To their credit, France and NASCAR developed the CoT to make racing more equal and bring greater parity to the sport, not to mention to save teams money (which never really seemed to happen). Still, France learned a great deal from the CoT debacle, and that brought about the car's highly praised successor in 2013, the Generation-6 car.
* In 2013, France suffered through one of the biggest scandals in the sport's history, the alleged manipulation of a race finish in the final qualifying race for the Chase for the Sprint Cup this past September at Richmond. While it took a few days to sort through everything that happened—not to mention a major media and fan outcry demanding action—France indeed delivered on that action by sanctioning Michael Waltrip Racing with the biggest fine in NASCAR history ($300,000), indefinitely suspending MWR's general manager Ty Norris and disqualifying driver Martin Truex Jr. from the Chase.
He also took the unprecedented action of adding a 13th driver to the Chase for the first time to essentially compensate for the scandal.
To his credit, France took action that needed to be done, took the heat from massive criticism and did his best to salvage an almost unsalvageable situation. The NFL's Roger Goodell could learn something from the whole fiasco and how France remedied it to the best of his ability.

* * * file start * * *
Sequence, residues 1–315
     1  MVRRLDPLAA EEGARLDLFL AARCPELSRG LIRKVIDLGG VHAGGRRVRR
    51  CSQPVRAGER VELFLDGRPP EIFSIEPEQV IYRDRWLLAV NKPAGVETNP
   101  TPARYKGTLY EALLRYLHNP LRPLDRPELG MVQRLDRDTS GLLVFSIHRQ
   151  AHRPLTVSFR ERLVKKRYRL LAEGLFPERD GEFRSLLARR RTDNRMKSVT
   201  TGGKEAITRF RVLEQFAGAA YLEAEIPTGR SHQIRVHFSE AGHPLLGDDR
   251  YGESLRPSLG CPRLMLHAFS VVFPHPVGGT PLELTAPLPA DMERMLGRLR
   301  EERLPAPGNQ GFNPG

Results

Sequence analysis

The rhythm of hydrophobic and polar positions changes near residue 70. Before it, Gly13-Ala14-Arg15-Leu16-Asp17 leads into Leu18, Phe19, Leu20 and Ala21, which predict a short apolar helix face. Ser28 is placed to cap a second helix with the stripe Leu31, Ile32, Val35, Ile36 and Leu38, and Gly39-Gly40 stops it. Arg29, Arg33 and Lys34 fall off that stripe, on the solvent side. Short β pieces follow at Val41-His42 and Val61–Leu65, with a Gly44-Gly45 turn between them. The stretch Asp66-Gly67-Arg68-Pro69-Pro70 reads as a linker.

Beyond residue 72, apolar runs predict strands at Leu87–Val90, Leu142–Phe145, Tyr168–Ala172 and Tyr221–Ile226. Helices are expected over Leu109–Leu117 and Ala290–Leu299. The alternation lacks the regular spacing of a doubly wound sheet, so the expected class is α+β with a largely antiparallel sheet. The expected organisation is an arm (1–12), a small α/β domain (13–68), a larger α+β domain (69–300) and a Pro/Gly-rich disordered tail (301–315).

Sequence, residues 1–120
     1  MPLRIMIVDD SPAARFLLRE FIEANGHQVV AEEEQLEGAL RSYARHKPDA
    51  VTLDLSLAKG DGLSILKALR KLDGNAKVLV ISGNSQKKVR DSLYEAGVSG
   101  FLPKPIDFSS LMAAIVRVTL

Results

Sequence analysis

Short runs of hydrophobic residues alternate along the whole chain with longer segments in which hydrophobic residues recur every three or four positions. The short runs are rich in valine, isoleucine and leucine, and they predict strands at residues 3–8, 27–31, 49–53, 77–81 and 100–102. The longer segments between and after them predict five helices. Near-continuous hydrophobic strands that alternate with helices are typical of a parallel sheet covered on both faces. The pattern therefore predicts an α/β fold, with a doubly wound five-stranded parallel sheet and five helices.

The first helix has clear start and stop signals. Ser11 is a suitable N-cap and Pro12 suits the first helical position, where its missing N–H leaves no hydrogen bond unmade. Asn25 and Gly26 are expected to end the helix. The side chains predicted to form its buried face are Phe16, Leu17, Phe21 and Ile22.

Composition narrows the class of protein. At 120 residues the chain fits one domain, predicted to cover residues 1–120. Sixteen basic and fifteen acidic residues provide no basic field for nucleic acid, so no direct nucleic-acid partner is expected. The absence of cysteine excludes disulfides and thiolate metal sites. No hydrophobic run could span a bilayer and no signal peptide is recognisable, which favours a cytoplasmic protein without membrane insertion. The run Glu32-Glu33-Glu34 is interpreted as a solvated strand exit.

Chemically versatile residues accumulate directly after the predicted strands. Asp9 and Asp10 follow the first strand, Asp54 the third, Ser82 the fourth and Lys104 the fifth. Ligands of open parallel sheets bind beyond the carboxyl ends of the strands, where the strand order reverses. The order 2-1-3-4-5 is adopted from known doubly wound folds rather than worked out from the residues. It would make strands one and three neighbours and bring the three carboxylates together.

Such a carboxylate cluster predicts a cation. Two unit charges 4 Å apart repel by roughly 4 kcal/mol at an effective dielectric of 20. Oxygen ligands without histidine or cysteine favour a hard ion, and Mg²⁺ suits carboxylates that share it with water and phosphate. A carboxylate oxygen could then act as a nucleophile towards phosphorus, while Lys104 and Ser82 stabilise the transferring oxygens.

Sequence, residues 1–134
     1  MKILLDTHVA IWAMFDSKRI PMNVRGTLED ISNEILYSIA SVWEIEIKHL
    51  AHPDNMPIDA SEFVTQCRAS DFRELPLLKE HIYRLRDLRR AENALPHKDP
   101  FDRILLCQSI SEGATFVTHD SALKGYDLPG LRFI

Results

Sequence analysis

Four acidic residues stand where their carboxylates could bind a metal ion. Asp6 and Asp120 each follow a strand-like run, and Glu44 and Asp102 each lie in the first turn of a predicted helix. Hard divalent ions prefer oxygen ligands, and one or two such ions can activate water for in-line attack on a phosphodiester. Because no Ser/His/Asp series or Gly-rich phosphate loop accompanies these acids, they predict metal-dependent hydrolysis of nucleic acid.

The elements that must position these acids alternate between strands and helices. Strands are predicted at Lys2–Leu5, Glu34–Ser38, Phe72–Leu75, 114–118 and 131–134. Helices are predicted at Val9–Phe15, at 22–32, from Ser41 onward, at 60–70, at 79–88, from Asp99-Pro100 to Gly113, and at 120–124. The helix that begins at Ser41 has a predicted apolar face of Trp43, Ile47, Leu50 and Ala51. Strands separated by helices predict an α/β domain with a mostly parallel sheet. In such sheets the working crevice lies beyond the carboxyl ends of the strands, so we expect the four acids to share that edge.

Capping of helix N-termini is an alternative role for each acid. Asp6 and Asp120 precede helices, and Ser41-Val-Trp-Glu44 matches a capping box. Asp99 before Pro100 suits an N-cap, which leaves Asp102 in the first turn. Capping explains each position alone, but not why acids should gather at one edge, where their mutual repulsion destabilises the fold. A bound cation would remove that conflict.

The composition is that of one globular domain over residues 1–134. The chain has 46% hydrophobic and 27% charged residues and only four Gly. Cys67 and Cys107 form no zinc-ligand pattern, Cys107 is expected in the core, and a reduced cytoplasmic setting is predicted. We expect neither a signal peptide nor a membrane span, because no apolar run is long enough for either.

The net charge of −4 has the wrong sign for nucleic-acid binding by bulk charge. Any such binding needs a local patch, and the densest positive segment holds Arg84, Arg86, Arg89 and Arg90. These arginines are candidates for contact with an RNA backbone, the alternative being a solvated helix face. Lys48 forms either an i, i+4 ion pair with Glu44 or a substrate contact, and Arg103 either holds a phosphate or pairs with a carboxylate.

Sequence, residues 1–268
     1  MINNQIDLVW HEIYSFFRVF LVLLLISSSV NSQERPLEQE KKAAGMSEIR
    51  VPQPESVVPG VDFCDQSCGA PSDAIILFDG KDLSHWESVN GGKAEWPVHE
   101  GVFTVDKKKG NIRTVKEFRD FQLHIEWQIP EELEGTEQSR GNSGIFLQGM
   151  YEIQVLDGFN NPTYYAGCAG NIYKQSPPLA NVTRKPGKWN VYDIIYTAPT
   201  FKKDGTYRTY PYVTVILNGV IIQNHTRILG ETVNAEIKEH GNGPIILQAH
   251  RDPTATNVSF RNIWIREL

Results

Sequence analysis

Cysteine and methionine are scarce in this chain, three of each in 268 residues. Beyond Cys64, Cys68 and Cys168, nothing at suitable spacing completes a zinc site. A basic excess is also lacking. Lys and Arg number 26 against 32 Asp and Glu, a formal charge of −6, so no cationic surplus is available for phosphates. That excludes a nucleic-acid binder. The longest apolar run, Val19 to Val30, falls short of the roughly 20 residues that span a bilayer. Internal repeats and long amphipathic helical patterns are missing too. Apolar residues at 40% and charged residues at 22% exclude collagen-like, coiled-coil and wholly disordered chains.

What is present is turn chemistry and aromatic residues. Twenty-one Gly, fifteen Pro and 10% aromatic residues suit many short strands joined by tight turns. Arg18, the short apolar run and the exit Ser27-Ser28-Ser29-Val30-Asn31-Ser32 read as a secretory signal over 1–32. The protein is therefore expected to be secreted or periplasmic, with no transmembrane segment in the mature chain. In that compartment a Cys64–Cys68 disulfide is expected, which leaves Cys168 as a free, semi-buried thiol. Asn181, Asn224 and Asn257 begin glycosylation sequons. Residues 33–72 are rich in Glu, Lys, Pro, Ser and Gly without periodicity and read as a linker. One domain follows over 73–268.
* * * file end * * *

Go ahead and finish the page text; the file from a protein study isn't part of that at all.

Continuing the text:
* France expressed interest in possibly running an NFL team back in 2005, which immediately drew criticism and questions from fans, media, sponsors and team owners about his long-term commitment as NASCAR's leader. He has since scaled back his designs on owning an NFL team and has dedicated himself to running NASCAR with his full attention. Whether he'll oversee the sport for more than three decades like his father did remains to be seen. But for right now, it doesn't appear France is going anywhere anytime soon.
* His divorce battle with ex-wife Megan was both contentious and highly publicized, even with court-ordered sealing of records and the like. Finally, after more than two years, both sides reached an amicable agreement that was approved by the court.